What does the rest of the world think? In the Western Press, which is very powerful, so far, Nardendra Modi has been mostly castigated as an intolerant religious bigot. Today, the Guardian in the UK has declared that it is a victory for a Hindu Nationalist. It fails to mention in the same text that Modi is leading in the Muslim dominated regions of the Uttar Pradesh proving that the Muslims too are riding on the hope of development and economic prosperity that Modi promises. Moreover, it is very clear that no extremist can be voted to power in a country as diverse as India. They leave out equally conveniently, public statements of his, such as: “I define secularism as nation first, India first. Justice to all, appeasement to none. No vote-bank politics – a poor man is a poor man, where he prays is immaterial.” The press affects the perceptions of the governments too, for the Western governments too have not particularly been pro-Modi. The United States, for example, have denied him a visa for his alleged involvement in the 2002 riots. The Chinese, on the other hand, have been holding discussions with Modi since several years. The West that values its relationship with India, particularly the US, and which sees India as a key counterbalance to China in Asia, will have to rethink their policies towards Modi.
What do the academics think? In India, in most public academic circles, and in many gatherings of hi-brow intello-intellectuals (!), it has been politically correct to engage in loud Modi-bashing because it’s not politically correct to affirm affiliation to a group unless it happens to be one of the minority ones. It is also very fashionable to squeak against the Congress while calling for “reform, revolution and change” – the all time favourite buzz words. “I say, we must have reform and that can happen only through a revolution”. “Interesting – then what? …Who is going to take over and what’s the plan in the post-revolution phase??”… here the speech/conversation is switched to another topic conveniently. Hence, the space of Indian intellectuals is also going to be interesting to watch, especially if good things happen.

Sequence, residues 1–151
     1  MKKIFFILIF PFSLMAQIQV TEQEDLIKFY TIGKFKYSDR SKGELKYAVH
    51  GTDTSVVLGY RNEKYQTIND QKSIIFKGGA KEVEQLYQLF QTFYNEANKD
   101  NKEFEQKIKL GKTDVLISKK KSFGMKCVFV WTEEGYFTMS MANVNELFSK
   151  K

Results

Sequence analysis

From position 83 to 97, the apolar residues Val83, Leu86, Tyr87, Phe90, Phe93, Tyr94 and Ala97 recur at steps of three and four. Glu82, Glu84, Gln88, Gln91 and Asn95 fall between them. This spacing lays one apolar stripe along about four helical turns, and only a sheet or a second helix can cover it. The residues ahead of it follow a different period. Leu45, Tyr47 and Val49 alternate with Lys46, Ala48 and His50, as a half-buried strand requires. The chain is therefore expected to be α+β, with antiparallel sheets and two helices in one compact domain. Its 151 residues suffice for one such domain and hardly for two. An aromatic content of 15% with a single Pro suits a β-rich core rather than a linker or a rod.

So is everything rosy and good about the new team? No – of course not. A number of points bother all tolerant and peace loving people in India – the silence on the Hindu-Muslim riots in Gujarat, the hugging of Hindu monks who are viewed as being anything but holy by a large majority and statements by BJP party members against women and homosexuality.
That said, Modi has a good record of ushering in economic development in the State of Gujarat, which he governed and if he can extend this to India – it would anchor his name deeply in Indian history as a hero. The markets are already responding positively towards the pro Modi wave. The sensex surged 1,470 points to hit a new life-time high of 25,375.63 in early trade fuelled by hopes that the BJP government would fast-track reforms and accelerate economic activity and in the forex market, the rupee climbed to 11-month high of 58.62 against the US dollar.
It is truly a challenge to sustain inclusive development while building industrial capabilities in a country as large and as diverse as India, which is also struggling with a huge poverty burden. And mistakes will not be tolerated.
What are the implications for the cause of sanitation coverage in India? And for us? Last October Narendra Modi addressed a huge rally of students in Delhi and he told them: “Make toilets before temples”. That’s good for us! The village Panchayat and major decision makers in Kameshwaram worked together to raise lakhs of rupees (gathered from all relatives working in the Gulf, Malyasia and Singapore) two years back to make a temple. Very active even today, it stands as testimony to the effectiveness of the elected officials – but sanitation coverage is still only a bit more 50% in the village. So, let’s go for it Modi! We are for everyone in Kameshwaram having a toilet and a waste bin – before anyone starts building a new temple, mosque or church here!
Shyama V. Ramani and Rushva Parihar
Founder FIN and Student intern FIN